Webinar presenters Major Dan Weis, Chief Eric Scott, Sheriff Manuel Gonzales answered a number of your questions after their presentation, Best Practices for Community Policing: Creation a Positive Impact. Here are just a few of their responses.
Audience Question: One problem that my community, which is a small town, population of about 1500, is not reporting suspicious activities to our dispatch. Me and my marshal, we have been talking about organizing a public event to educate and to take general questions. But do you have any ideas on how to get things started?
Major Dan Weis: I could follow up on that. We started an initiative, even though we’re bigger, but the concepts are kind of the same. The chief, you could probably chime in, we started a See Something, Say Something campaign, and we use yard signs, and we use all types of things to try to promote the community to See Something and Say Something. Tip lines and schools are good. And then, of course, we have crime stoppers, which a lot of agencies have. So those are some of the things that we do.
Chief Eric Scott: I’ll speak on that. We do those as well. But something that’s been really successful at source is getting into our Neighborhood Watch programs, right? There’s no better community person that knows their neighborhood than a homeowner who’s watching any type of criminal activity going on. And I can tell you that what we did was we basically, we all have districts in zones in our communities, and we basically assign an officer to each of those zones of community, and they act as a liaison for that community. And so, the community knows like, hey, if there’s some suspicious or whatever, I have this officer’s phone. I can call them; I can text them. And so, we basically tell them, “Hey, these are the officer’s hours, and this is the window of law.” And if not, you know, go through the regular channels of 911 or whatever. But, we have seen a huge amount of success, because there are so many times people will see things, and they don’t know a way to get in touch with us other than 911. And they’re like, well, this, maybe not, is a 911 situation, but it’s a serious matter. And so, I would encourage you to look at your neighborhood watch along with, you know, crime stoppers and just being very available, even though your community is small. Everyone in your community is going to have social media in some way. Get on social media and make it accessible to them, whether it’s through e-mails, or messages, or whatever. But you have to be responsive to them. One of the things that we found is, we had too many social media platforms when I got here, and so I had to narrow it down to where it’s just Facebook and Instagram. And then we’re slowly implementing 1 by 1 as we have now, kind of figured out that science because social media is a science, but I would encourage you to meet with your community and do like some type of community watch program. And then I think that you’ll get the real feedback that you’re seeking.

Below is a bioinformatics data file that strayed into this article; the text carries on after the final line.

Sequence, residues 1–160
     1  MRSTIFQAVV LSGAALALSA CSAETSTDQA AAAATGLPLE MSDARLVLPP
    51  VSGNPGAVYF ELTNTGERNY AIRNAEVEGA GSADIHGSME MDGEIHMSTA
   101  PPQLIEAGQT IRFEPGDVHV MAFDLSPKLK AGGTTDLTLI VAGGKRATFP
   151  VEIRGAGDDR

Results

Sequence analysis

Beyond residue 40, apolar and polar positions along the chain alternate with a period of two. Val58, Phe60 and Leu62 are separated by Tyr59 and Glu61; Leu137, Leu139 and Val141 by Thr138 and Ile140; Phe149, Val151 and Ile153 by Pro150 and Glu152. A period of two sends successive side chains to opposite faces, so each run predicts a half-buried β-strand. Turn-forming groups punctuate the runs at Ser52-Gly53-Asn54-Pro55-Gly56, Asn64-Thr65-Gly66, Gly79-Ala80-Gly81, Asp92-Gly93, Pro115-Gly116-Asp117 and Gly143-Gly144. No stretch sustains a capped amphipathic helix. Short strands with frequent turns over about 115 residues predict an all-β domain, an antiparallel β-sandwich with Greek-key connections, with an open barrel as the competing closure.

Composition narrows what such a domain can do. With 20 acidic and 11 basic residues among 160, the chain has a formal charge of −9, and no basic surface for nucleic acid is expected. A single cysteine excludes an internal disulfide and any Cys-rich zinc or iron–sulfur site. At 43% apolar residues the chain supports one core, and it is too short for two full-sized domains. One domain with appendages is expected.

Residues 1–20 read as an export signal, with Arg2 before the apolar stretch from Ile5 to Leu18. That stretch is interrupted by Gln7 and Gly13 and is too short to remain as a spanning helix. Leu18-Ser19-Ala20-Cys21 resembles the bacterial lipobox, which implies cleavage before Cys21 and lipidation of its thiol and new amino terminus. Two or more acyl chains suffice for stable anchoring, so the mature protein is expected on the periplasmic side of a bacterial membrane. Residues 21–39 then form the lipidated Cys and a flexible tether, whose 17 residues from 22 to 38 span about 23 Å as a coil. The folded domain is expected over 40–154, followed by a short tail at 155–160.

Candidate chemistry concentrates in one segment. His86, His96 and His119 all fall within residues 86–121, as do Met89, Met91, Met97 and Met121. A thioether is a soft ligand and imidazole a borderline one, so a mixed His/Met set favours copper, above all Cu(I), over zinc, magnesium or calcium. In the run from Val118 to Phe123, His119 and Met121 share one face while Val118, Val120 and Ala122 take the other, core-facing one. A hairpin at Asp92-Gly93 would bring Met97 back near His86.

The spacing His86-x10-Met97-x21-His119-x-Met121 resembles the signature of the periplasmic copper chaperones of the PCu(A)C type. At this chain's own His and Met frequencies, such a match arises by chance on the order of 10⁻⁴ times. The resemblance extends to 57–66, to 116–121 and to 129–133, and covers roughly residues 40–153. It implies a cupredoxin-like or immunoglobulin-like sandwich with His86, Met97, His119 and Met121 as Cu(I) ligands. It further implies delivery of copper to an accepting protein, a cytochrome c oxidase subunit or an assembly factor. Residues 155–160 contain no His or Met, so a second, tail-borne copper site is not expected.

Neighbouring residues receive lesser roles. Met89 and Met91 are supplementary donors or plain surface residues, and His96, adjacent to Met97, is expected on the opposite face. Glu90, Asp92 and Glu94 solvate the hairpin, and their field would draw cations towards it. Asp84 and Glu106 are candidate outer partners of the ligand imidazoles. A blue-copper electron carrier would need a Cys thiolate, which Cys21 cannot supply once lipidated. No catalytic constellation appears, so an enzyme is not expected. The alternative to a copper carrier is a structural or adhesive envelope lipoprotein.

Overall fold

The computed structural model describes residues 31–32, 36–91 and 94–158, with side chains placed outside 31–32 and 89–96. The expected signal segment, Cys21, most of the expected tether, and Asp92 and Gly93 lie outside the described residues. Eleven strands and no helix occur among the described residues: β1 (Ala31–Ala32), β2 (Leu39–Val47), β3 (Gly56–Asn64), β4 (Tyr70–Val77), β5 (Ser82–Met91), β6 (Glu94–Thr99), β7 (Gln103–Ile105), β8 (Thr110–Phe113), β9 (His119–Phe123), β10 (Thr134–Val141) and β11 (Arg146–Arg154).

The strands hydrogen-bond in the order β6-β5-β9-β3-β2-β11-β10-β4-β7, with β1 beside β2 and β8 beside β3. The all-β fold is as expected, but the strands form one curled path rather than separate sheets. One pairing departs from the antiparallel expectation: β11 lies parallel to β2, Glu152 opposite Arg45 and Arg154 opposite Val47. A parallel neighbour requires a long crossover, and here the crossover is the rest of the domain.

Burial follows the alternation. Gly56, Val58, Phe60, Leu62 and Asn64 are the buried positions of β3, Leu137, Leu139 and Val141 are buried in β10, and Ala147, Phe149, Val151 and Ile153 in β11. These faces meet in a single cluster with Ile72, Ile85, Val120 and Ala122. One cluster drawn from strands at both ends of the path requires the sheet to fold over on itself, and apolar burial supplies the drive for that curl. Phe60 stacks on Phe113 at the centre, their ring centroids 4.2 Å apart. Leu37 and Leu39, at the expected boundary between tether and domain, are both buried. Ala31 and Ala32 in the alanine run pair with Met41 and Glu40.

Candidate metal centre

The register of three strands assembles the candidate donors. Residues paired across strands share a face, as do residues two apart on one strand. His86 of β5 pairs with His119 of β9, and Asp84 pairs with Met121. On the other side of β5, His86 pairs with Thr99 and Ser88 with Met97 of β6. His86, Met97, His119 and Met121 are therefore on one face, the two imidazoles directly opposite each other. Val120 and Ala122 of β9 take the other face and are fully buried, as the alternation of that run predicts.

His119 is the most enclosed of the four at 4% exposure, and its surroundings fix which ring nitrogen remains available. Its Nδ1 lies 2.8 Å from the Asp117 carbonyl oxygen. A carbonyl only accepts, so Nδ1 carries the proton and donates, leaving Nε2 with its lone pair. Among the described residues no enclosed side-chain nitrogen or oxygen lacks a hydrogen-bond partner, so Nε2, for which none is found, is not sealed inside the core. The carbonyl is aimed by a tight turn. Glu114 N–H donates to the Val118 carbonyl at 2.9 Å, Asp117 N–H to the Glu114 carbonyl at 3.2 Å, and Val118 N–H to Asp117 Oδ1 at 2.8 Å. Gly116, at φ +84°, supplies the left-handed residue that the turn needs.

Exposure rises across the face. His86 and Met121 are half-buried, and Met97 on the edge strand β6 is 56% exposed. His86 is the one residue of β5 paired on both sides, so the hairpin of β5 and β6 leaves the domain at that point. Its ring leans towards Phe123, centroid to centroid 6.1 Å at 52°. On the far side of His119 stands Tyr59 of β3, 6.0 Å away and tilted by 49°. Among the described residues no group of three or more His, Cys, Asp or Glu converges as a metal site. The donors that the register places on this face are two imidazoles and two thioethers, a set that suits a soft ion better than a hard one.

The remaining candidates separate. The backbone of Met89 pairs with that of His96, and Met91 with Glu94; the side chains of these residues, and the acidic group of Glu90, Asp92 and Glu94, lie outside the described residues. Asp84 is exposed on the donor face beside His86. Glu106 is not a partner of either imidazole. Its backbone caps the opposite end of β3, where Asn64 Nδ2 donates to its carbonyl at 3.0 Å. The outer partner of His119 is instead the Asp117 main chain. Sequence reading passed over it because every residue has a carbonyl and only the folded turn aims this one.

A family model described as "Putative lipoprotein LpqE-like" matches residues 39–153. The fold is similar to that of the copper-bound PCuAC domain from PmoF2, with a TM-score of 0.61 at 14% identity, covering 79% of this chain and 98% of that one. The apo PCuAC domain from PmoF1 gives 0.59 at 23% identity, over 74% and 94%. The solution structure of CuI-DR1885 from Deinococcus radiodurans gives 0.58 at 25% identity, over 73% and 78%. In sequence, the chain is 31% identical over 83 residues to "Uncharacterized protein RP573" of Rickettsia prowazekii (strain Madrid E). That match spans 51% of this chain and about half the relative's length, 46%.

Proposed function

Sheriff Manuel Gonzales: We have a tips line where people are able to call in and then we sort those out for their respective units, that’s another approach. Then, also, I think, from the standpoint of the Marshal’s question, is, he may want to develop maybe the policy that obligates the dispatcher to take the information, and disburse it to the right individuals, so there’s some accountability there, that’s another good approach. That’s a great question. I think it’s a good way for him to just take that information and maybe figure out how to capture it. And make sure the dispatchers are getting it where it needs to be in terms of the law enforcement services.
Audience Question: So, touching on something that several of you have talked about. What role does the PIO play in community policing?